The IPCC report is 5,000 pages and fortunately the much more approachable and shorter Summary for Policy Makers has been released to the public which summarizes the study and highlights some of the most important data uncovered during the course of the research. This report reveals the increasing certainty scientists have on the notion that global climate change is anthropogenically induced, or is originated through human activity. IPCC’s last report in 2007 stated with 90% certainty that climate change can be linked to anthropogenically produced greenhouse gases. The most recent (fifth) report in 2014, states a percentage increase to 95% certainty. The significance of this change should not be overlooked. The panel shifted from 90% certainty, which is synonymous with “very likely”, to their current position at 95% certainty. This 95% certainty is synonymous with “extremely likely,” referring to the overwhelming consensus of climate scientists about two main things: climate change is occurring, and human activities have influenced it. In fact, 97% of climate scientists agree, while the general public still debates the mere reality of and factors contributing climate change.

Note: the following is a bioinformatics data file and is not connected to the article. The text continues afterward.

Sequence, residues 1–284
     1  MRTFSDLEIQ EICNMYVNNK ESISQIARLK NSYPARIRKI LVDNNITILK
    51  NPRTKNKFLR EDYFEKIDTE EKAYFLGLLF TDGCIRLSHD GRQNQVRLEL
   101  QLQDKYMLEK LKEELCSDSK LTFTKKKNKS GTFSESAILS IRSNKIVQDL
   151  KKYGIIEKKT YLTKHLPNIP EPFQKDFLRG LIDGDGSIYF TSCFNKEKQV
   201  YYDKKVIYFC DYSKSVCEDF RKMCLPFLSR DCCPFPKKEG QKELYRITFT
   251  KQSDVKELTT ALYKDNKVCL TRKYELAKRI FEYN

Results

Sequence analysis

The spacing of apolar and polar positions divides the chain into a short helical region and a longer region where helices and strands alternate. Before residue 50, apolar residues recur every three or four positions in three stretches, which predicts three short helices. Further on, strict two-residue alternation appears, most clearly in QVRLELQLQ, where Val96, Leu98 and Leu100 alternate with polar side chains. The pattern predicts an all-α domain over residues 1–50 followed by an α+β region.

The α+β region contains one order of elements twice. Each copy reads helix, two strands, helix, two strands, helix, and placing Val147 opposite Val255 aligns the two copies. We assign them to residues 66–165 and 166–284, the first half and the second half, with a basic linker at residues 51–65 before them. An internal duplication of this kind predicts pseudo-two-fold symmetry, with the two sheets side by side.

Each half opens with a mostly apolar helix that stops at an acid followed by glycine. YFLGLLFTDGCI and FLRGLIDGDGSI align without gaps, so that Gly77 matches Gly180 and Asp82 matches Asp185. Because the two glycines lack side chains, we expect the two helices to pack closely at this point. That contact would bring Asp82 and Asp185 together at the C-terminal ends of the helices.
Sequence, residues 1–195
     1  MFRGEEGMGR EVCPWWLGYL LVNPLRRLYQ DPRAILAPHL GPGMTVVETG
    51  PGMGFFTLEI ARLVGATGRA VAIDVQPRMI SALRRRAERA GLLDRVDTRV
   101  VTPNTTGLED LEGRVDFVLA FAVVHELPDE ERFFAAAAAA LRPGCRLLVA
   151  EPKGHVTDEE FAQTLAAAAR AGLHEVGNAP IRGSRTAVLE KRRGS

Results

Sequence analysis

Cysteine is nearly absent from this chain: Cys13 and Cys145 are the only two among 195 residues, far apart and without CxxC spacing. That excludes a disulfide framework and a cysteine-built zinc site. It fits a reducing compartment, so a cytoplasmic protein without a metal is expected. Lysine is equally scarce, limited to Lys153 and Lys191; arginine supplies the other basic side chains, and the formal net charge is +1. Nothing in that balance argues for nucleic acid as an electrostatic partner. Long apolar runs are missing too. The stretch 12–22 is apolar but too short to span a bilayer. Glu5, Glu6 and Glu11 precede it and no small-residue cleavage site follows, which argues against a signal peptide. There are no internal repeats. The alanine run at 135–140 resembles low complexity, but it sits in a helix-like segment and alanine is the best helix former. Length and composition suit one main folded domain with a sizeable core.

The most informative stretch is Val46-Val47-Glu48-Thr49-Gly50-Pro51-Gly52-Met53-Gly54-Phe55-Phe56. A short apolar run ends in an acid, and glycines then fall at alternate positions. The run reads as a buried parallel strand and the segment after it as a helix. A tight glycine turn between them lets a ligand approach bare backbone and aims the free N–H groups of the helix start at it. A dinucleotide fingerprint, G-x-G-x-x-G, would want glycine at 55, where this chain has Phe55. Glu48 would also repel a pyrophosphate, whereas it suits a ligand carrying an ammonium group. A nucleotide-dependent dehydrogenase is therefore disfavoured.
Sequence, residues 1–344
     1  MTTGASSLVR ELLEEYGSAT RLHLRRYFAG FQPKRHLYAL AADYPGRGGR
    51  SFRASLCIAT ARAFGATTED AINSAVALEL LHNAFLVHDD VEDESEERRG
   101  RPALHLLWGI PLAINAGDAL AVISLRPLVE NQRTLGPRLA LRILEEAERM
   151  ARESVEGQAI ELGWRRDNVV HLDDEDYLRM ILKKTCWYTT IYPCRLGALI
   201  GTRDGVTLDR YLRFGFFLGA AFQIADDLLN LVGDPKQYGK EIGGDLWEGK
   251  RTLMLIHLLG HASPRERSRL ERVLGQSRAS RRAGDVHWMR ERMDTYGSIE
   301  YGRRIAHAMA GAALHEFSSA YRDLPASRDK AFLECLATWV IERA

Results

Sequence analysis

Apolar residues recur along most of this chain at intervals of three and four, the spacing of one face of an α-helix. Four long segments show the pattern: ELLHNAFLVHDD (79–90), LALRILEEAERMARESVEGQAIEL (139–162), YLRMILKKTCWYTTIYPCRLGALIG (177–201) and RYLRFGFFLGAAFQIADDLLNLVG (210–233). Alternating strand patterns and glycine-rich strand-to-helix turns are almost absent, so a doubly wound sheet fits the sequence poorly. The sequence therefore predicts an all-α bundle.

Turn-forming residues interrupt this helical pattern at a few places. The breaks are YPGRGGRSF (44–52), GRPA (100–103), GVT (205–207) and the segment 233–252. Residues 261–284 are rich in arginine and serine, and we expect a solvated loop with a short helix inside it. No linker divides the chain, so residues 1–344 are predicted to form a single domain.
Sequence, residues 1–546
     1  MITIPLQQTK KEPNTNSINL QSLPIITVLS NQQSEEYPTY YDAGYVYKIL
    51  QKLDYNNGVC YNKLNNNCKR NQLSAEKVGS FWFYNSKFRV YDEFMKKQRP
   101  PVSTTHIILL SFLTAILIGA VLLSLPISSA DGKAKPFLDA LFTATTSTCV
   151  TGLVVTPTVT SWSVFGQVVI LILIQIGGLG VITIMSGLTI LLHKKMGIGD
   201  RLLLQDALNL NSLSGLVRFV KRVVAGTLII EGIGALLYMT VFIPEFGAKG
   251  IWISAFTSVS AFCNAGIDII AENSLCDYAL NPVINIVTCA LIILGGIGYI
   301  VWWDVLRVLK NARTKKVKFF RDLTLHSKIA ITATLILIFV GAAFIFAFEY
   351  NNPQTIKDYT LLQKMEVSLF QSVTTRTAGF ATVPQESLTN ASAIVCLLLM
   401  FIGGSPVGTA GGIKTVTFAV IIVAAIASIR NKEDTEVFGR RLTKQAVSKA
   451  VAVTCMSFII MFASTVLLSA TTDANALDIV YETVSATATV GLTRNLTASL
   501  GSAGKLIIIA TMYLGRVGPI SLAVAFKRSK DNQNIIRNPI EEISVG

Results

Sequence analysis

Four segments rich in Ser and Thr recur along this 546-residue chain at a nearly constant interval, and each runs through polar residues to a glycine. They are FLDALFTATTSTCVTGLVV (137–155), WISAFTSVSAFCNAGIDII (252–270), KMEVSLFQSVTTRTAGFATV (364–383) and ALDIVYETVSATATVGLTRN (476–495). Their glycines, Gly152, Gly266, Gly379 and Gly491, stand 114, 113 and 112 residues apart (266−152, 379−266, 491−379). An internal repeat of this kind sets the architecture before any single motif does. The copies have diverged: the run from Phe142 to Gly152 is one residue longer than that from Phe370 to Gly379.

Scientists rarely, if ever, support a theory or phenomena with 100% certainty due to the ever-changing body of knowledge as well as the very nature of the scientific method. The scientific method guides the process so that nothing can necessarily be proven in science; instead information is dynamic. Through the scientific method and a process of elimination, scientists study a phenomena and the possible contributing factors, constantly re-evaluating relevant and possible factors. Thus, by definition, a level of uncertainty exists in all fields of science. Climatology offers no exception. Climate scientists can observe what is occurring, research, and make predictions about what is likely to happen but in reality the true effects are unknown. Couple this detail along with scientists’ use of “weasel words” such as “the data suggests…” and phrases of the like as well as the inability of scientists to determine 100% certainty. This language often is used inaccurately in the media and can confuse the general public (and policymakers) about the science.